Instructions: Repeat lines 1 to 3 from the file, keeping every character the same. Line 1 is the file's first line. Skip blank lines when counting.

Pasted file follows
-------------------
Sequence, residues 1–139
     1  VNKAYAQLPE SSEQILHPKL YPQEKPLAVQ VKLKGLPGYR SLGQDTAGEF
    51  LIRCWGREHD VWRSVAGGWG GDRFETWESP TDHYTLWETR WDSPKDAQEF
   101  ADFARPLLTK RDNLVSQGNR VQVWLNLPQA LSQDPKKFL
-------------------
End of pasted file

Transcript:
Sequence, residues 1–139
     1  VNKAYAQLPE SSEQILHPKL YPQEKPLAVQ VKLKGLPGYR SLGQDTAGEF
    51  LIRCWGREHD VWRSVAGGWG GDRFETWESP TDHYTLWETR WDSPKDAQEF